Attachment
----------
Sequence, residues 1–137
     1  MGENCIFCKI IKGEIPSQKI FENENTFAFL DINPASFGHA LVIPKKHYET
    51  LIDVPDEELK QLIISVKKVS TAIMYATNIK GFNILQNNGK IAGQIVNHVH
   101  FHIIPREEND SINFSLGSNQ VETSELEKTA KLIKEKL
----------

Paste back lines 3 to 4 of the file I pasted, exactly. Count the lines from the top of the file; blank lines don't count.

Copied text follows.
    51  LIDVPDEELK QLIISVKKVS TAIMYATNIK GFNILQNNGK IAGQIVNHVH
   101  FHIIPREEND SINFSLGSNQ VETSELEKTA KLIKEKL